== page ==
iSpinach is an improved version of Spinach, an aptamer which can bind to fluorescent protein and increase their fluorescent properties after forming a complex.
Generation of iSpinach
RNA aptamers or short oligonucleotide RNA sequences have been isolated which can bind to fluorescent proteins and improve their properties.
One example of such an aptamer is Spinach which can bind to 3,5-difluoro-4-hydroxybenzylidene imidazolinone (DFHBI), a dye which is commercially available and resembles native GFP. This dye is non-toxic, permeable to cell membranes, has low interaction with native components inside a cell, and low fluorescence when unbound to any compound. Spinach is a DFHBI-binding aptamer which can enhance its fluorescence by 200 times. However, the first Spinach aptamer was thermally unstable and had limited folding efficiency. This led to the development of a newer version of Spinach which was termed iSpinach.
Structure of iSpinach
iSpinach consists of a G-quadraplex structure which has helical structures with guanine tetrads. The G-quadraplex structure can form either one or more strands. The recognition of DFHBI is achieved by a pocket consisting of the G-quartet, a base triple, and an unpaired G residue. As this structure is stabilized by potassium ions, presence or absence of ions can change the fluorescence associated with iSpinach.
Performance of iSpinach
Increased size and fluorescence
iSpinach is 1.3 times smaller than the previous versions of Spinach aptamer (Spinach and Spinach2). This leads to increased permeability inside cells. Also, the fluorescence of iSpinach is 1.4 times higher than its previous aptamer versions. This increased fluorescence is attributed to two main properties: iSpinach has two times higher affinity towards DFHBI, and its folding efficiency has also improved dramatically when compared to previous versions.
The melting point of the complex formed between iSpinach and DFHBI has increased by 8°C, compared to previous Spinach versions. This led to increased thermal stability in iSpinach.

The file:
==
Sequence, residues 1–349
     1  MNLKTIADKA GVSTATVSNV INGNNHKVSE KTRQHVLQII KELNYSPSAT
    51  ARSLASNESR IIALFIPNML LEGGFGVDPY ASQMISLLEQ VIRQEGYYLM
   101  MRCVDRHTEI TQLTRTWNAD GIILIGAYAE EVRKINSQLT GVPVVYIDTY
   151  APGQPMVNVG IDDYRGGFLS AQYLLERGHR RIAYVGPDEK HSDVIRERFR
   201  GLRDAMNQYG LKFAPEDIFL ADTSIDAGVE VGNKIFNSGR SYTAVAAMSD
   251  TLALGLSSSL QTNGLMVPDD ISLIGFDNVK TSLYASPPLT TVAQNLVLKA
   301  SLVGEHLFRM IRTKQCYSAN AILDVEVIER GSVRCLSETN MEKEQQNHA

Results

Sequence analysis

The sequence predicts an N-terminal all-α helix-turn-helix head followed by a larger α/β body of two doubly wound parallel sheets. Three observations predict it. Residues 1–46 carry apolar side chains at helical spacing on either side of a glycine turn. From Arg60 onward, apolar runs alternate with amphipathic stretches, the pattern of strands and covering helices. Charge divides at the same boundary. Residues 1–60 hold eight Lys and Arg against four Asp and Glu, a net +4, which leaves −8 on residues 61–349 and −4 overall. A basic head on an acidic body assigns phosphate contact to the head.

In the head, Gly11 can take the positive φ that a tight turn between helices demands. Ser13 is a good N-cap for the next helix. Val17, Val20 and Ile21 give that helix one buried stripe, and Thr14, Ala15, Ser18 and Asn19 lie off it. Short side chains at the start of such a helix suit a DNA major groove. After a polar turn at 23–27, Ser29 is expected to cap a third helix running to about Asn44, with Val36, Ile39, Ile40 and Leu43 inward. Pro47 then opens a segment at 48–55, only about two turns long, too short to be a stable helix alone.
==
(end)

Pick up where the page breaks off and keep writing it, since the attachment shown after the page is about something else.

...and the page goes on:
Presence of ions
It is known than potassium can increase the stability of Spinach aptamers, however, iSpinach is more stable in the presence of other ions, such as lithium, cesium, and sodium. Also, sodium increases the fluorescence of the iSpinach by two times.
The folding efficiency of iSpinach is 60%, which is higher than Spinach and Spinach2. The increased folding efficiency also leads to increased binding with DFHBI.
Applications of iSpinach
The improved fluorescence and folding properties of iSpinach could make it a valuable tool as a fluorescent probe inside cells. iSpinach has been used to visualised ribozymes, and it was found that iSpinach is a better contender than Spinach or other DFHBI-binding proteins. It could measure the ribozyme activity without altering the activity levels. There was no fluorescence observed when Spinach2 was used. Thus, iSpinach can perform even in vivo conditions and maintains the activity of the enzyme.
The improved folding and florescence properties make it a good candidate as a biosensor.
Probes for ionic microenvironment
Several probes and previous Spinach aptamers only fluoresce in high potassium conditions. However, iSpinach can work even in cellular ionic levels and this has been tested experimentally.
Limitations of iSpinach
One of the main limitations of iSpinach is that its affinity towards DFHBI can be improved. One of the ways to resolve this is to have more stringent selection criteria for binding when iSpinach aptamers are isolated. iSpinach can also dissociate in the presence of light, therefore using stronger light source can help in identifying mutant with less light-dependent dissociation rates.